China Consumer

Changes in store

Fast food giants McDonald’s and KFC look for an edge in the Chinese market

McDonalds-w

Planning to double its outlets

Last year a badly designed set of IKEA drawers toppled over in several homes, crushing four children. The Swedish home furnisher was obliged to recall the item, doing so in its North American markets. However, it delayed the same course of action in China. Only after anger from customers did it extend the recall to the Middle Kingdom too.

Last week Chinese consumers were again feeling like second-class citizens. This time the culprit was McDonald’s. In accordance with guidance from the World Health Organisation, McDonald’s announced that it is requiring suppliers of chicken meat to phase out the use of antibiotics that contribute towards strains of medicine-resistant superbugs. Markets in North America, Europe, Brazil, Japan and South Korea will be supplied with chickens that haven’t been reared on the antibiotics by 2018. But suppliers in China needn’t purge the antimicrobials until 2027.

This has riled consumers, who have suffered from a litany of food-safety scandals (see WiC6 and WiC147), some of which have been linked to fast-food outlets such as McDonald’s and KFC (see WiC248).

One angry citizen told the Global Times “If McDonald’s does not reduce antibiotics in its chicken supplied to China in 2018, I will boycott the brand” and news sites stoked the discontent, with China News Service wondering whether the ban was delayed in China by a decade to save McDonald’s on the extra costs.

Paradoxically – just a week before – the Xinhua-backed China Newsweek was much more complimentary about the fast-food giant, asking “Why is McDonald’s better than KFC?”

The answer, according to the magazine, is primarily down to the menu. The opinion piece argued that while KFC had “localised” its menu too much, McDonald’s had retained its distinct, Western flavours.

“Do Western brands want to use Chinese food to win over Chinese people? Don’t bother!” the author chided, equating KFC’s go-local strategy with an identity crisis for the Kentucky-born brand.

It isn’t entirely true that McDonald’s has kept its menu all-American. The fast-food chain offers congee and Chinese-style pancakes, and it serves up local treats timed for special occasions – such as the Double Happiness burger it marketed during the Spring Festival.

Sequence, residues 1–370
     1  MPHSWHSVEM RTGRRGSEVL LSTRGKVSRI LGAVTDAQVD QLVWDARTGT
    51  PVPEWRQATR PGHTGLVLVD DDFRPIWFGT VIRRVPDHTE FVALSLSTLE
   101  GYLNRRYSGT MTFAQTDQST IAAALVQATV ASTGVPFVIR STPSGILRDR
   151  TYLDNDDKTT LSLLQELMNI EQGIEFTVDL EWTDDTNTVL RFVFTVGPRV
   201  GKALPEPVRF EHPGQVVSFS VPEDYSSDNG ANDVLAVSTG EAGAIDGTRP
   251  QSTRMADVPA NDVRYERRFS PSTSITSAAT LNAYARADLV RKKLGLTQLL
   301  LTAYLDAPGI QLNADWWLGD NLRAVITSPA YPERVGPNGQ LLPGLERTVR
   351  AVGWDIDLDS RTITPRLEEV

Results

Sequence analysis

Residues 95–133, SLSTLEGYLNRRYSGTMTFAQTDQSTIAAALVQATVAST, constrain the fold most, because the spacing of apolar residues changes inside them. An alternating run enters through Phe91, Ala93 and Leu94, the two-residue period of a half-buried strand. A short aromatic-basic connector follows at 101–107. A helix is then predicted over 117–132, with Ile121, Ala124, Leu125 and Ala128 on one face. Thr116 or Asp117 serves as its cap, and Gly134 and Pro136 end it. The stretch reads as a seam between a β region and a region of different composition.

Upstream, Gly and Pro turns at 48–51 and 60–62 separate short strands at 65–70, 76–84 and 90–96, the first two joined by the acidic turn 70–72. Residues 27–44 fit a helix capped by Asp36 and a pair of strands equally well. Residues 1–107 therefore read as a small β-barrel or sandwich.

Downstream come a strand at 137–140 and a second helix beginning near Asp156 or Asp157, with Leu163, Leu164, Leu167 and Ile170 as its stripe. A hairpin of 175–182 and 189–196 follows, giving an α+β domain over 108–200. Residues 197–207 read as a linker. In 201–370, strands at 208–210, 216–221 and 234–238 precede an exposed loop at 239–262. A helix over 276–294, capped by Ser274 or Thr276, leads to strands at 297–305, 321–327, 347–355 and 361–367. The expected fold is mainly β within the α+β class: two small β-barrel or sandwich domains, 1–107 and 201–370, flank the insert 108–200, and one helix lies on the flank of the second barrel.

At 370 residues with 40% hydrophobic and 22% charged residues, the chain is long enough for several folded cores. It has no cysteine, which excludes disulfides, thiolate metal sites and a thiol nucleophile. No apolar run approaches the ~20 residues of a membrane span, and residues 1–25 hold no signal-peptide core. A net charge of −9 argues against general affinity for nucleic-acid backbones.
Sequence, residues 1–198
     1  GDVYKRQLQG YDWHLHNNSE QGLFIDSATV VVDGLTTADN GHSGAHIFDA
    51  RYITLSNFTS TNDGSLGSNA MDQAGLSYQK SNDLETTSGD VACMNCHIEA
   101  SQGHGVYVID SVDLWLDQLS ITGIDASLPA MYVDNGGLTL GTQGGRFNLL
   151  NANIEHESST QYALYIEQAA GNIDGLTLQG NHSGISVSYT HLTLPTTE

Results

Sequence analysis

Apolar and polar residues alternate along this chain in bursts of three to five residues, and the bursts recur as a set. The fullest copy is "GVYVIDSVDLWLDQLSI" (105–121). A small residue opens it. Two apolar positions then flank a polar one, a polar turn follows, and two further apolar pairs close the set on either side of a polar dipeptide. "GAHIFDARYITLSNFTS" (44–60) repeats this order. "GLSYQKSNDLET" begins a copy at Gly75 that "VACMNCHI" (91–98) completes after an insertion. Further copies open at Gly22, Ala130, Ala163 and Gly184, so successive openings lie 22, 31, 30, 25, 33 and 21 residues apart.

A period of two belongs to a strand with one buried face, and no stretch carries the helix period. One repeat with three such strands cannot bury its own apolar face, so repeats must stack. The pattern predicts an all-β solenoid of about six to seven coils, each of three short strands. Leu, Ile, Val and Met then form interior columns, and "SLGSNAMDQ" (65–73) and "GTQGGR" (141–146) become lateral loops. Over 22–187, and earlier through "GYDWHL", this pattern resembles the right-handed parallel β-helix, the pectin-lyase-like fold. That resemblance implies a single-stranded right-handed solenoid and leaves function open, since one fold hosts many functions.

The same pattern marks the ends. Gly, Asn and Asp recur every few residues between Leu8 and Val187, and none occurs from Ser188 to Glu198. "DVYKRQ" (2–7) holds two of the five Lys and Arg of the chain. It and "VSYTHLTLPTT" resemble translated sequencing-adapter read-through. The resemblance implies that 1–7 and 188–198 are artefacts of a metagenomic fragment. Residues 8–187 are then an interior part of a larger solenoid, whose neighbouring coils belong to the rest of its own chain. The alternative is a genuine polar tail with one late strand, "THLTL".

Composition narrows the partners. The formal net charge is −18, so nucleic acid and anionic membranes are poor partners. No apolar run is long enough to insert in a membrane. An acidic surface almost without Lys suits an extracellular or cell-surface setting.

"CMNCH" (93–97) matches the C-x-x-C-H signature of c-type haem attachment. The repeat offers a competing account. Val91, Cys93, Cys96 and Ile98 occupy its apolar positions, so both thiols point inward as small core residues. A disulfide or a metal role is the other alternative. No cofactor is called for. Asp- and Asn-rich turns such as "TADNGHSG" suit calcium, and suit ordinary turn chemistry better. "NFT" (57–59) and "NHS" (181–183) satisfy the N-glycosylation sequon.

But for the time being, McDonald’s seems more focused on growing rapidly in China, with ambitious plans to double the number of its outlets (to 4,500) where its store numbers lag far behind those of Yum China, the operator of KFC.

McDonald’s says it will focus away from bigger cities in its growth spurt, targeting less-developed areas: 45% of the new outlets will be located in third or fourth-tier cities

As part of the upgrade, it has struck a deal with property giant Evergrande to put restaurants in the developer’s residential complexes. And state-backed Citic, which now controls the McDonald’s business in China, is promising to hire 70,000 new staff as waiters at the burger outlets – a major departure from the chain’s previous practice.

KFC also boasts local investors in China, with Alibaba and Primavera Capital both holding stakes. This partnership is prompting changes in operation procedures too, including facial-recognition technology at a debut K Pro outlet in Hangzhou (K Pro is a newly created Yum franchise that offers healthier options like salads topped with crayfish).

In the ‘Smile to Pay’ system, a 3D camera scans the customer’s face to verify their identity, with phone number verification for added security. Promoted by Ant Financial – Alibaba’s payments offshoot – the system deducts payment from Alipay accounts. Local media is reporting that the technology was developed in conjunction with Chinese startup Megvii, which has raised over $150 million from investors that include Foxconn.

Joey Wat, Yum China’s president, said the new format at the store was aimed at “young, tech savvy consumers who are keen to embrace new tastes and innovations”.


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